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have existed. The work of the Special Committee on Gender was both one of
finding the facts out with respect to biases and remedies that could be put in place
or have been accomplished. I’m sure the report would make significant reading
today, and there may well be recommendations that are still relevant.
Mr. Schultz: Had other circuits tried anything like this?
Mr. Pollak: My recollection is that they had, although this may have been the farthest reach of
it. I noticed that the litigation committee that I chaired, litigation process, was
composed of highly distinguished members of the Bar and the whole Special
Committee on Gender was made up of really great lawyers, great participants in
our Bar.
Mr. Schultz: What you have there, is that a report? It’s a very big document.
Mr. Pollak: It’s the report, right. It’s the draft final report. I mean this was a multi-year effort
taken on at the request of the Court of Appeals, so it was taken very seriously by
all of those who worked on it. My litigation process committee included
Michelle Ellison; Patricia Gern; Carolyn Lamm, now president of the ABA;
Susan Liss was a liaison; Dan Margolis, former name partner of a D.C. law firm;
and Roger Warin, now head of Steptoe & Johnson. It was a significant
committee. I respectfully say that the reports of the committee were sensitive to
the concerns that troubled the judges who opposed what we were doing. It was
unfortunate that the work was not fully utilized.
Mr. Schultz: Do you want to say anything more about it?
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Mr. Pollak: I will recall one aspect. We interviewed – that is, the Committee interviewed
judges on the court about gender bias and published – that is, made notes of the
interviews, and those were put in memoranda form and reviewed by the judge. I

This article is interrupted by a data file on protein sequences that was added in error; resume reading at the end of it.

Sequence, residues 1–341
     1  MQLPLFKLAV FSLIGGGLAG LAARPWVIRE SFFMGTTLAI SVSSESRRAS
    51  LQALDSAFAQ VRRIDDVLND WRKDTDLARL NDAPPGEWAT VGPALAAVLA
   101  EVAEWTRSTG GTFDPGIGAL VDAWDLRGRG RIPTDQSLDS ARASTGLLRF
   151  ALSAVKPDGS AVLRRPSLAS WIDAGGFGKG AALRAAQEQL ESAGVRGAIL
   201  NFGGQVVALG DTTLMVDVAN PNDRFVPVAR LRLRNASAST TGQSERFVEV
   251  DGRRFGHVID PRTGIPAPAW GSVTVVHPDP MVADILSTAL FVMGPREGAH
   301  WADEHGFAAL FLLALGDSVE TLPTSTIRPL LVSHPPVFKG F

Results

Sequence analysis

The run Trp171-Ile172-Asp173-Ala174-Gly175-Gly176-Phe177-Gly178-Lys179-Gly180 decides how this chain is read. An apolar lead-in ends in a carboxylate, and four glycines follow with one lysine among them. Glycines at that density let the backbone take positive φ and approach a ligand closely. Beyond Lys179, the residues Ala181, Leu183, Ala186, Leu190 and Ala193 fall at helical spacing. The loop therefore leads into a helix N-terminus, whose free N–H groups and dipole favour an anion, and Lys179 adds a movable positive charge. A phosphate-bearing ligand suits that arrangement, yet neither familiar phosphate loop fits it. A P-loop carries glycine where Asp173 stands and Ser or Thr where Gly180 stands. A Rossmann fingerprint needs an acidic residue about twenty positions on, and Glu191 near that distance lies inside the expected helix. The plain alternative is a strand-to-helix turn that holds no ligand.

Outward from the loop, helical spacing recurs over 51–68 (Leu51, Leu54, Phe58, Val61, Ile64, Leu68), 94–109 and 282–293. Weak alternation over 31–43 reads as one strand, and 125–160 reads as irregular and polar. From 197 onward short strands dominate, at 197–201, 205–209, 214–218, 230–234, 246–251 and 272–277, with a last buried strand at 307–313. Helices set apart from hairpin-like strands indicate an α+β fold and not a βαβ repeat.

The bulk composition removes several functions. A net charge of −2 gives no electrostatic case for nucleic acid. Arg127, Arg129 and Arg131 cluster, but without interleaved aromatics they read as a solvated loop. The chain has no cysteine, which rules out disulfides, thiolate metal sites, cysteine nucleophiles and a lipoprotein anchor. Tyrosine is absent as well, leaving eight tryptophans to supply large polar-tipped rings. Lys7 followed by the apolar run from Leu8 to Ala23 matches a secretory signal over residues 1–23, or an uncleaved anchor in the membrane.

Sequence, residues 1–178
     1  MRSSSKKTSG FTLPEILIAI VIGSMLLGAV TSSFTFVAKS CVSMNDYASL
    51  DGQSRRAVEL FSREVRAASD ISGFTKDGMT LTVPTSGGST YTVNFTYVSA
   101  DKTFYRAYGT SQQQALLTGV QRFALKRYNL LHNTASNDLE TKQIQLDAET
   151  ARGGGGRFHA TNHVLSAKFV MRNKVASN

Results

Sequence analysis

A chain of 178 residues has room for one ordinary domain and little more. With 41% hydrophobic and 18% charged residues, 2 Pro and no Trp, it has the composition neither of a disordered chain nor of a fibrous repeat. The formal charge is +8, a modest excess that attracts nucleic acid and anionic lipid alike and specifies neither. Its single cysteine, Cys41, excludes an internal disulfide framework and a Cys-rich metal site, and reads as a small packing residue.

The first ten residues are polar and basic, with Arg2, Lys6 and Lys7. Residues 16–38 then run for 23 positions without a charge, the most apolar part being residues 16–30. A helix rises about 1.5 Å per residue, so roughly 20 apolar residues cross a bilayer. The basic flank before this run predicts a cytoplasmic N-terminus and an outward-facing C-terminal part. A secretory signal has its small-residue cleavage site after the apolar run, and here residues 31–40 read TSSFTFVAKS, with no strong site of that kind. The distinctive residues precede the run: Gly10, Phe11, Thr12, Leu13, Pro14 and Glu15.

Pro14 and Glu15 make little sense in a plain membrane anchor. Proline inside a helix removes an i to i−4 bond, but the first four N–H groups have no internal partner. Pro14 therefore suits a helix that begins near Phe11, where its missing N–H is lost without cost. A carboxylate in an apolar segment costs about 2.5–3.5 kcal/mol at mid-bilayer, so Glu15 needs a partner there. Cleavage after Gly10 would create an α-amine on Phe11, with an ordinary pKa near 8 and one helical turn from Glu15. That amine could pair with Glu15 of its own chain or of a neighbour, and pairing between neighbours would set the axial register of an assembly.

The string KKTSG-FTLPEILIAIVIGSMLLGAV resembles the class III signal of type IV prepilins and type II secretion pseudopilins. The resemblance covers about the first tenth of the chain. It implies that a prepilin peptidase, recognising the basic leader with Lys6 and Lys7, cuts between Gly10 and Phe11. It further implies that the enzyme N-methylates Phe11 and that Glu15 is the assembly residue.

interviewed District Judge June Green. She was the second woman on the U.S.
District Court for the District of Columbia, nominated by President Lyndon
Mr. Schultz: That’s right.
Mr. Pollak: When she was named to the Court, she reported in this interview that a number of
judges were hostile to her presence on the Court. And for a significant period, she
had no courtroom of her own. She had an office that was a long way from the
courtroom to which she was assigned. She recalled that she used to walk in the
interior corridor with her robe in her hand and would put on her robe in the hall
when she got to the courtroom.
So, we have had great advances with respect to gender bias. This report of
the Special Committee on Gender prepared by the D.C. Circuit Task Force on
Gender, Race, and Ethnic Bias, was published in the Georgetown Law Journal of
May 1996 with a forward by Justice Ruth Bader Ginsburg, who sent me a copy of
her forward in which she said, “To Stephen Pollak, applause and appreciation for
your service on the task force. Ruth Bader Ginsburg.” I have this 84 Georgetown
Law Journal 1651 (1996) which is Justice Ginsburg’s forward and by looking
there, one can find both her forward and then at least a significant publication of
the work of the Special Committee.
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Mr. Schultz: Okay.
Mr. Pollak: I have a very valuable library of civil rights materials that I have collected during
my time at the bar, and many of them are probably out of publication and largely
unavailable. I’m wondering what to do with it. I don’t think that it should be lost.
Mr. Schultz: You probably should talk to the Georgetown Law School Library or something.
Mr. Pollak: Maybe I could ask Yale.
Mr. Schultz: The great thing is that they can probably put it all online.
This is a good stopping place.
Mr. Pollak: Okay.